In the final year that Major League Baseball allowed teams to just spend whatever they wanted to on international players, the Cincinnati Reds did what they could to take advantage of the situation. They would ultimately spend $30M on the 2015-2016 class of international free agents. The team picked up two shortstops from Cuba on big signing bonuses. They would also pick up Cuban pitcher Vladimir Gutierrez on a large signing bonus that year. After spending the entire 2017 season in Daytona, the Reds promoted him to Double-A Pensacola for the start of 2018.

The first start of the season did not go well for Vladimir Gutierrez. On the road against Mobile, the right hander allowed six runs – four of which were earned – in 3.2 innings where he walked five batters with just one strikeout. Things did improve in April moving forward, but he still ran into some problems in terms of allowing runs. Over the next three starts he allowed 18 hits in 18.0 innings without a walk and with 17 strikeouts, but despite strong peripherals his ERA in that span was 5.00. He finished out the month with a quality start against Jacksonville, allowing two earned in 6.1 innings with six strikeouts. For the month of April he posted a 5.14 ERA in 28.0 innings with five walks and 24 strikeouts. He would also allow four home runs during the month.

May didn’t start out any better for Vladimir Gutierriez. The then 22-year-old allowed five earned in 4.0 innings in his first start of the month. He rebounded well the next time out, allowing just two runs in 6.0 innings. That, however, was the only good start he made during May. In his next three starts he allowed four, five, and five runs over a combined 14.1 innings. Batters hit .303/.364/.556 against him during the month. In his 24.1 innings he posted a 7.77 ERA with 30 hits allowed, six walks, 20 strikeouts, and six home runs.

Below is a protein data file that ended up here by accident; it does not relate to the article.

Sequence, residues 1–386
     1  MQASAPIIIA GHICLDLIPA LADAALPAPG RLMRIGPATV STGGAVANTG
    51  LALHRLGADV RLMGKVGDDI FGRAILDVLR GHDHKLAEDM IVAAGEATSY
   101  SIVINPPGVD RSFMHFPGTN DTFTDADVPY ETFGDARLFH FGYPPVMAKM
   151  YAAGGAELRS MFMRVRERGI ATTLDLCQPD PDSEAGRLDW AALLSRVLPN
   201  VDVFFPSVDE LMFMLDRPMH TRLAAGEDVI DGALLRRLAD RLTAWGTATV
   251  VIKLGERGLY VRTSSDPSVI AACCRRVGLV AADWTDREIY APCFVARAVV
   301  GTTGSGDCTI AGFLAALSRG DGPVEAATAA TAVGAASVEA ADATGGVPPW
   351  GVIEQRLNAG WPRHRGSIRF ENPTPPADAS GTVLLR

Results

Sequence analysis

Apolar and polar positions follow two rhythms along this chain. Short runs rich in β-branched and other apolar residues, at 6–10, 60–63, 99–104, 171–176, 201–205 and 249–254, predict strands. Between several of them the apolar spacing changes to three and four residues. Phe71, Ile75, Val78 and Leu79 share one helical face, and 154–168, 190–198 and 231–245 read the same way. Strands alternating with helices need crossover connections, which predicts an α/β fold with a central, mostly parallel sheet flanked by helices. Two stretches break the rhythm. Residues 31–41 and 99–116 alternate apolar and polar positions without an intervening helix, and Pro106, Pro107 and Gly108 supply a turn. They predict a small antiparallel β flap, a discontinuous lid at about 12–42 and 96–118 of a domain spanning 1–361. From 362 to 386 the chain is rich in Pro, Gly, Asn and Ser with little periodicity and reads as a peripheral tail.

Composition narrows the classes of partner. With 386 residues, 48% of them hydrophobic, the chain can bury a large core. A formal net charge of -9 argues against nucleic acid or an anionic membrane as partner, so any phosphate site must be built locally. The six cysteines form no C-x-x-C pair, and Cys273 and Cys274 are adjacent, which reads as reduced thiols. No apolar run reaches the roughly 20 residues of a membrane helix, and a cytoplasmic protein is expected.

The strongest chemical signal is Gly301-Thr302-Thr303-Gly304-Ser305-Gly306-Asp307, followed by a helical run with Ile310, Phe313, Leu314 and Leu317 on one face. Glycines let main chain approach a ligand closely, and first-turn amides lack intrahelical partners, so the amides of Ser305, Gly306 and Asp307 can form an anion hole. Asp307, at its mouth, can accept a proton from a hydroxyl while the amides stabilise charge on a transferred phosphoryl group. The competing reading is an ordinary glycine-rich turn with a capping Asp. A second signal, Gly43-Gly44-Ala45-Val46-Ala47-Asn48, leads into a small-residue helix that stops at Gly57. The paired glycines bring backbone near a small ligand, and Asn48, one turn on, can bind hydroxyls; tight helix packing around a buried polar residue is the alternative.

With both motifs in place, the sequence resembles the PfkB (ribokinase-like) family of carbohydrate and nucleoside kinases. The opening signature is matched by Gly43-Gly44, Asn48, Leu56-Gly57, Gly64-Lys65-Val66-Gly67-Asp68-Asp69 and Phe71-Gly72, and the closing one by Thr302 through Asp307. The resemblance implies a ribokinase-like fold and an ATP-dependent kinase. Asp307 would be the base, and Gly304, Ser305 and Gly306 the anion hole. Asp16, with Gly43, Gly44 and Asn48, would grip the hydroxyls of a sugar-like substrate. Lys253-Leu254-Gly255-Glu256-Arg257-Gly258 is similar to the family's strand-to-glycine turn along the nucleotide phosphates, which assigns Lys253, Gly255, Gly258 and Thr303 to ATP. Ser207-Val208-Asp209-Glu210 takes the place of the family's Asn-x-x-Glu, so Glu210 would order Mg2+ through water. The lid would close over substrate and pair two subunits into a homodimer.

The struggles carried over into June. On the 1st of the month, Vladimir Gutierrez allowed four runs in 2.1 innings with four walks and five strikeouts. Things changed from that point forward. The next time out the righty allowed one earned run in 6.0 innings. That was followed up by another one run start on the 12th, a 2-run start on the 17th, and he finished up the month by allowed one run in 5.2 innings. After this rough start he finished the month with a 3.20 ERA over 25.1 innings where he allowed just 17 hits and he walked nine batters. He would also strike out 31 batters and give up just three home runs.

All of the success from June carried forward into July. In his first start he tossed 6.0 shutout innings. The next three starts were all 7.0 inning affairs with either one earned, or no earned runs, and he combined for 22 strikeouts with just four walks in that stretch. The final two starts of the month did see him had a few struggles. On the 24th he allowed four earned runs, and followed that up with three earned in 4.2 innings. Still, the month would be the best he had during the season in nearly every category. He threw 36.2 innings and posted a 2.21 ERA in his six starts. The one home run allowed was the best of the year for any month. He would also strike out 38 batters and walk 11.

August began with a 2-run, 6.1 inning performance from Vladimir Gutierrez. He followed that up with 7.0 innings of 2-run baseball against Mobile. His third start of the month saw him allow four earned in 6.0 innings without a walk and with seven strikeouts. On August 20th he allowed just one earned in 5.0 innings with eight more strikeouts. Gutierrez would have a hiccup on the 25th, in what would be his worst start of the year. At home against Mobile he was charged with six runs in just 1.1 innings with three walks and three strikeouts. He rebounded well in his final start of the year, allowing just one run over 7.0 innings. That August 25th start hurt his ERA for the month, where he finished with a 4.41 mark in 32.2 innings. He walked seven batters, struck out 32, and allowed four homers for the month.

For all 2018 Season Reviews and Scouting Reports – click here (these will come out during the week throughout the offseason).

Vladimir Gutierrez Scouting Report

Fastball | From a velocity standpoint, he sits 92-94 MPH. He can go a little below there at times, and a little above there at times, too. At the top end he can touch 97, but that doesn’t come out often. The pitch moves more with less velocity, as you would expect – but the movement that is there isn’t great.

Change Up | It’s a solid offering that’s fringe-average. It has some fading action to it, and works in the low 80’s.